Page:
French Protestants have united to form one church bringing together Reformed and Lutheran Christians in a country where Roman Catholics were once the majoriity, but where more than half the population now say they are agnostics or atheists.
"For five centuries, being Protestant in France meant not being Catholic," the president of the national council of the new United Protestant Church of France, the Rev. Laurent Schlumberger, said at the official inauguration ceremony in Lyon on May 11. "But that world has changed."
Schlumberger described the formation of the united church as a response to "immense changes" in the religious landscape of France and the result of the ecumenical movement for visible unity between churches.
The general secretary of the World Council of Churches, Rev. Olav Fykse Tveit, said at the ceremony, "The way Christians here in France – Evangelicals, Roman Catholics, Lutheran-Reformed, Orthodox, Pentecostals - manage to work together across the different confessions can also inspire and challenge Christians elsewhere.
"I am also encouraged by how your church, now united, has been so well-represented also by lay people and women in many ecumenical gatherings. I hope that over time other denominations may be inspired to join you in your united church."
Tveit added, "No one confession can be Christ's Church on its own."
French Protestants in past centuries were persecuted for their beliefs in a society in which the Roman Catholic Church accounted for the majority of the population.
Since 2008, however, more than 50 percent of people in France describe themselves as agnostic or atheist, Schlumberger noted.
As a result, Catholicism, like other religious groups, has become the faith of a minority.
"French Protestantism can no longer exist by defining itself over against another religious group," he stated. This offers "an opportunity to find a new way of being church, relevant to today's world," said Schlumberger.
"This is the great challenge facing us," he continued. "For us Protestants it involves moving on from focussing on ourselves to sharing, from being a closed group to meeting others."
Hundreds of people from throughout France and international guests from many countries joined the inauguration ceremony in Lyon.
In an address to the gathering, the French minister of the interior, Manuel Valls, responsible for relations between the government and religious communities, praised the contribution of Protestants to French society.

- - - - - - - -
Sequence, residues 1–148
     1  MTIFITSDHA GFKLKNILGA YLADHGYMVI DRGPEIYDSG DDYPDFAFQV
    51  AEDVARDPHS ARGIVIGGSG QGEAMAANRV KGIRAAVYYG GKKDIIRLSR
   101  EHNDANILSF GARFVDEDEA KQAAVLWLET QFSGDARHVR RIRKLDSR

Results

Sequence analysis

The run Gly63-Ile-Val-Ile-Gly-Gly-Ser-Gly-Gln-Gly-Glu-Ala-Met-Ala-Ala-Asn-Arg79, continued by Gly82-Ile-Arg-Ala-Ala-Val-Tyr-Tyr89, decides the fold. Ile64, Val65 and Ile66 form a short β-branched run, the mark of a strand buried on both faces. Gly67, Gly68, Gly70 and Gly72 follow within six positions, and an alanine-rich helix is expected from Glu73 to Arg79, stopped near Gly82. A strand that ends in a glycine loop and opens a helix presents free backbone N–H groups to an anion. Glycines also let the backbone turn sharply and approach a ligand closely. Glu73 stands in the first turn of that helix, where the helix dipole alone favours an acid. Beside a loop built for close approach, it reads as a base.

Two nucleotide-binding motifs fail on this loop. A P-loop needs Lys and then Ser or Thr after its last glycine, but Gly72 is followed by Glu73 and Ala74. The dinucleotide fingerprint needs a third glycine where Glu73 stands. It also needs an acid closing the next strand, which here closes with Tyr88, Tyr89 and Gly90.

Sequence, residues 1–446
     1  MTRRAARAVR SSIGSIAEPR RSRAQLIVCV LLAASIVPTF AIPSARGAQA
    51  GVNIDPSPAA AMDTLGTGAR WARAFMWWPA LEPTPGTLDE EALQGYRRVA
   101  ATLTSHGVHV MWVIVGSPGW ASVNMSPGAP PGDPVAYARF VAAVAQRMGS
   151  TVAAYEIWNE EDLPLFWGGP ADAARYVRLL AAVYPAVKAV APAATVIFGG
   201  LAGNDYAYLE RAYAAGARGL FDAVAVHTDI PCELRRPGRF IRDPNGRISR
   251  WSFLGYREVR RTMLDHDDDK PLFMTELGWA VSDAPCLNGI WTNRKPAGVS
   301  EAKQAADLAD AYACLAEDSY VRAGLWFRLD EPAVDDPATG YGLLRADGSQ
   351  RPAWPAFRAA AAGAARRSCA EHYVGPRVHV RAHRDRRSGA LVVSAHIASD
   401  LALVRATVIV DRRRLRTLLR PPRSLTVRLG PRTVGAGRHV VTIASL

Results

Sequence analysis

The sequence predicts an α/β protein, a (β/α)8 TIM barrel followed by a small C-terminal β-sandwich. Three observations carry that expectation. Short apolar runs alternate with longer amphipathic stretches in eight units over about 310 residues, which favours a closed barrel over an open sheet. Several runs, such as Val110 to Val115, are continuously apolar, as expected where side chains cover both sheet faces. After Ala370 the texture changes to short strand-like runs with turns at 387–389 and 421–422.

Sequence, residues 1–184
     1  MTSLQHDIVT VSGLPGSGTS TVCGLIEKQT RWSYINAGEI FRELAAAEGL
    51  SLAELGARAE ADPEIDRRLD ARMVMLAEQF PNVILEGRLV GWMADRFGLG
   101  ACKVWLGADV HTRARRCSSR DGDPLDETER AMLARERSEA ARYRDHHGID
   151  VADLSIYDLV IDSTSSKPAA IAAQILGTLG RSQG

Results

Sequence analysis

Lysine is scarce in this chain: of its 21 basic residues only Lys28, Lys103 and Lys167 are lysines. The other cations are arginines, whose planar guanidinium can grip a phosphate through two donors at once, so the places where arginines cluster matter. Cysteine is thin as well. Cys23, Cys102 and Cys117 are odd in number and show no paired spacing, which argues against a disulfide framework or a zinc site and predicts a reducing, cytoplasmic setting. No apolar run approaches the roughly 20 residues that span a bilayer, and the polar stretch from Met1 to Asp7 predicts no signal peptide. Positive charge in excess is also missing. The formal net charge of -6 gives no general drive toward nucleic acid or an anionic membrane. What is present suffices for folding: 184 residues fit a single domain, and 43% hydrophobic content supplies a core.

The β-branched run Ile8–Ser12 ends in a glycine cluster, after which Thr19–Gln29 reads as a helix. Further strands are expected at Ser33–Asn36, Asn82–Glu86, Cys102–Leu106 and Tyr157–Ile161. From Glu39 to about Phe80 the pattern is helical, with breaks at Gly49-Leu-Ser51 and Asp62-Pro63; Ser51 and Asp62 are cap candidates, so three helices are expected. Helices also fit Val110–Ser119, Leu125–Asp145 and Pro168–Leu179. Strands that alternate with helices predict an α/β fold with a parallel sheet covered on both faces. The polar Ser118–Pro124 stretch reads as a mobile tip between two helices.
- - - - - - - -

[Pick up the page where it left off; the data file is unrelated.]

He noted their values and work ethic, and their role in resisting tyranny during the Second World War.
At the same time, Valls underlined the importance of France's strict separation of Church and State as a "bulwark" against intolerance and exclusion.
"This does not mean the negation of the existence of religion but a clear separation between the temporal and the spiritual," he stated.
The new church is a union of the Reformed Church of France and the Evangelical Lutheran Church of France, which together have about 450 pastors and 400 000 adherents.
Although both Reformed and Lutherans trace their history back to the 16th-century Protestant Reformation, they were divided for many centuries on doctrinal issues, such as their understanding of the Eucharist or Lord's Supper.
In 1973 an accord called the Leuenberg Agreement created a "reconciled diversity" between Lutheran and Reformed churches in Europe, Schlumberger noted in his address.
Earlier, the 1910 World Missionary Conference in Edinburgh "called us to place the mission of the church at the forefront and to see confessional identities as less important," said the church president.
In 1934 in Germany, within the Confessing Church, "the Barmen Declaration brought together Lutherans and Reformed in affirming the final authority of Jesus Christ alone in the face of Nazi idolatry." This inspired post-war Protestantism, particularly in France, said Schlumberger.
Other inspiration came from the founding of the World Council of Churches in 1948. The Second Vatican Council of the Catholic Church, which opened in 1962 demonstrated "how ecumenical hopes could be reflected within the largest church, and change it, although many had thought it to be static and unmoveable," Schlumberger recalled.